-Frank
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On Mon, 23 Mar 2009 14:38:20 -0700, the infamous Frank Warner

Ooh, me, too! My Exotic Tees, Schnazzy Tees, NoteSHADES, and ToolyRoo products haven't made my million yet, but have kept me in a very unsteady and quite low stream of income for a decade and a half now. ;) I'd like to get that big hit once, too.

Disgruntled customers? Um, things like "My bean bag doesn't DO anything!" and "My bean bag doesn't talk any more!"?
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I didn't go into all the detail in the original post but I plan to put up a little pole building for my home machine workshop anyway. The house I used to live in has a 30 X 50 building and that is my home machine shop, it's about 5 miles away from my current house. Currently I live out of town and have around 4-1/2 acres with no outbuildings except a portable storage building.

Sounds like good advice, I don't plan to quit my day job :-) I plan to have a building for my home shop, it would be nice if it could be used for paying for the building, but I won't depend on it. I guess if I go at it with the primary goal of having fun, learning, and teaching my son, it will be worthwhile even if I don't make any money at it. On the other hand we might come up with some specialty parts that might make a decent second income.
RogerN
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You home insurance is not likely to cover a loss to the building or contents you are manufacturing from.
Wes
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Find the closest office and go have a chat with these folks.
http://www.score.org/index.html
While you may be willing to ignore a lot of things because you are unemployed at present, it is best for the long term if you pay attention to all the costs and aspects of running a business - it's not at all like having a job. If you can manage to have fun doing what you like and make money at it, that's great. If you turn a hobby you used to enjoy into a job you hate, that's not so great. If it sinks you into debt instead of making money, that really sucks.
If you don't already, you might go hang at CNCZone - lots of folks already doing the sort of thing you are contemplating (ie, making parts to make making machines easier and selling them to others making machines) - helps to know what the competition is up to.
Many folk that enjoy making things find that they hate selling them, doing paperwork required, etc. Or they fail to account for the actual cost of doing business and end up working for 25 cents an hour, or losing money outright.
Costs most people forget about include providing for heath insurance, retirement, self employment taxes, liability insurance, and business insurance on the premises - when it's not a hobby shop, homeowner's insurance will not cover you.
Check zoning and local laws before doing much at home. Get a dedicated business checking account and put all money from the business into it, and pay all costs of the business out of it - if you stick to that, you will at least have a vague idea of whether you are making money or not. Don't forget to pay taxes, or the IRS and your state tax folks will make things a lot more expensive for you. If your state has sales tax, you'll also need to pay them for any in-state transactions.
Good luck with it, but go in with your eyes wide open - most small business fail in the first 5 years.
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Roger, a lot of people seem to go the job shop route, and just take small quantity orders from local customers. Seems to be a low risk route, less risky than "developing your own product line". You already have all the equipment.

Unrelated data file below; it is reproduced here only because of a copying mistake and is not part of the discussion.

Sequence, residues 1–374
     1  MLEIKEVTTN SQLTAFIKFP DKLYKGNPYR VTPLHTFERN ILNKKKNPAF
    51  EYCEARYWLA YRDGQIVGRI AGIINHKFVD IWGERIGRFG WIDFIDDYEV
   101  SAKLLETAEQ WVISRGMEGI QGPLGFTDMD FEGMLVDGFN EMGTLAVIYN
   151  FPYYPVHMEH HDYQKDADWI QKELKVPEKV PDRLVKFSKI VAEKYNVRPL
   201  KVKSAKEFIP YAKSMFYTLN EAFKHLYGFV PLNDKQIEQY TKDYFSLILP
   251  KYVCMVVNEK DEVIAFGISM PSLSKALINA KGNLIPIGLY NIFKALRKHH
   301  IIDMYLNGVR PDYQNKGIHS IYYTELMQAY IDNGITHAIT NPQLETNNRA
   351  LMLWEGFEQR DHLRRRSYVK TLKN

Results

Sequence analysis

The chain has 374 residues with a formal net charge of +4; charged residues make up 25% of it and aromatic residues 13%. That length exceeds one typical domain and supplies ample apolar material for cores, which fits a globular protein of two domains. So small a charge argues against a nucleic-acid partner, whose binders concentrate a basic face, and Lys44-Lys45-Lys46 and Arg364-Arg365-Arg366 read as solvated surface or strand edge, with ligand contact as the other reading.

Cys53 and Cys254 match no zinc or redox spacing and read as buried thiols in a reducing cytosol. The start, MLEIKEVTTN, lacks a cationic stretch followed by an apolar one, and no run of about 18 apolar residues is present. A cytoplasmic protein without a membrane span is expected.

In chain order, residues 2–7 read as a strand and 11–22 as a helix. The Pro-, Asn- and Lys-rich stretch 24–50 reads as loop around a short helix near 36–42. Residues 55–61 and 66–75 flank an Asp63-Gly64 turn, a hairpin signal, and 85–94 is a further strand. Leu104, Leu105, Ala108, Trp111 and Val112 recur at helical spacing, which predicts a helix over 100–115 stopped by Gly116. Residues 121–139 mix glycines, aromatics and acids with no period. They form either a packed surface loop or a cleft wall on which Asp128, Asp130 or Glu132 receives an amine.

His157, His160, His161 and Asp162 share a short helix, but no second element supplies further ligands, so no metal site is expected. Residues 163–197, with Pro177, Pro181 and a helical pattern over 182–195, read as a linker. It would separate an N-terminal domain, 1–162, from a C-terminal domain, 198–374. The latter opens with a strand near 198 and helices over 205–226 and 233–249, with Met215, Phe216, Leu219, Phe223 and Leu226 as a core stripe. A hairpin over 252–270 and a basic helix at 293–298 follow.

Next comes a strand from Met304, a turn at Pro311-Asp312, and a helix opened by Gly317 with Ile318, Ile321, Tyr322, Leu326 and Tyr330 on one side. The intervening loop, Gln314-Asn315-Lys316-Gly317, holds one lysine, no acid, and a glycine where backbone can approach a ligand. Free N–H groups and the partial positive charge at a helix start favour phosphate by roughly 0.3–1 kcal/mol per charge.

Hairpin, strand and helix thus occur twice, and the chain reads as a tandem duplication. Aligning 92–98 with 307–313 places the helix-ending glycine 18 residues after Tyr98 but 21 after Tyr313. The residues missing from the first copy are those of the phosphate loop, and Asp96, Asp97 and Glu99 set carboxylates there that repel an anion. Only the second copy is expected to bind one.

In fact, if I ever need to make something complicated, with CNC, I will contact you and will order from you if the price is right.
i
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Since I work full time plus overtime, I see a job shop as someone wanting a part yesterday and I'd be having to work long hours at the day job.
What I had in mind was more making things as a hobby and trying to sell the items over the internet. That way, if I'm too busy at work, and I sell out of an item, I simply put "Sold Out" on the item and make another run as soon as I get the chance. Also, since I'm relatively new to 3D CAD/CAM and CNC I would hate to take on a job for a complicated piece and then not be able to deliver what the customer wanted. I like the idea of coming up with the parts I want, figuring out how to best make the, then offer the items for sale after I have them like I want.
I have done some job shop machining in my home shop, some works out fine, others not so well. After I get going, get better tooled up, and better at CAD/CAM and CNC, then I'd be more interested in doing job shop type of work.
I wouldn't mind setting up my machines to produce parts for companies. Then maybe keep a few parts on hand to take care of the emergencies until I could run their parts.
RogerN
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That's a good point. I have seen many things sold on ebay that are made with CNC equipment, such as plasma cut signs made from stainless, etc. Very cool and involves no liability issues.
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RogerN writes:

It is a splendid idea, but consider whether people really want to spend much on what you'll be making. Making money in metalworking usually means making something that makes (or saves) money for your customer, not something that a consumer likes to have. There is no end of "opportunities" in goods and services that aren't made and aren't sold because few people will actually pay for them. And anything "robotic" has a high potential for this kind of impractical appeal.
The "better mousetrap" is hard to do because the old mousetrap (literally) costs near nothing to make, and can be retailed profitably for $1.
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but what you probably COULD sell is a do it yourself 5 axis CNC machine that would handle a 4 inch cubic workpiece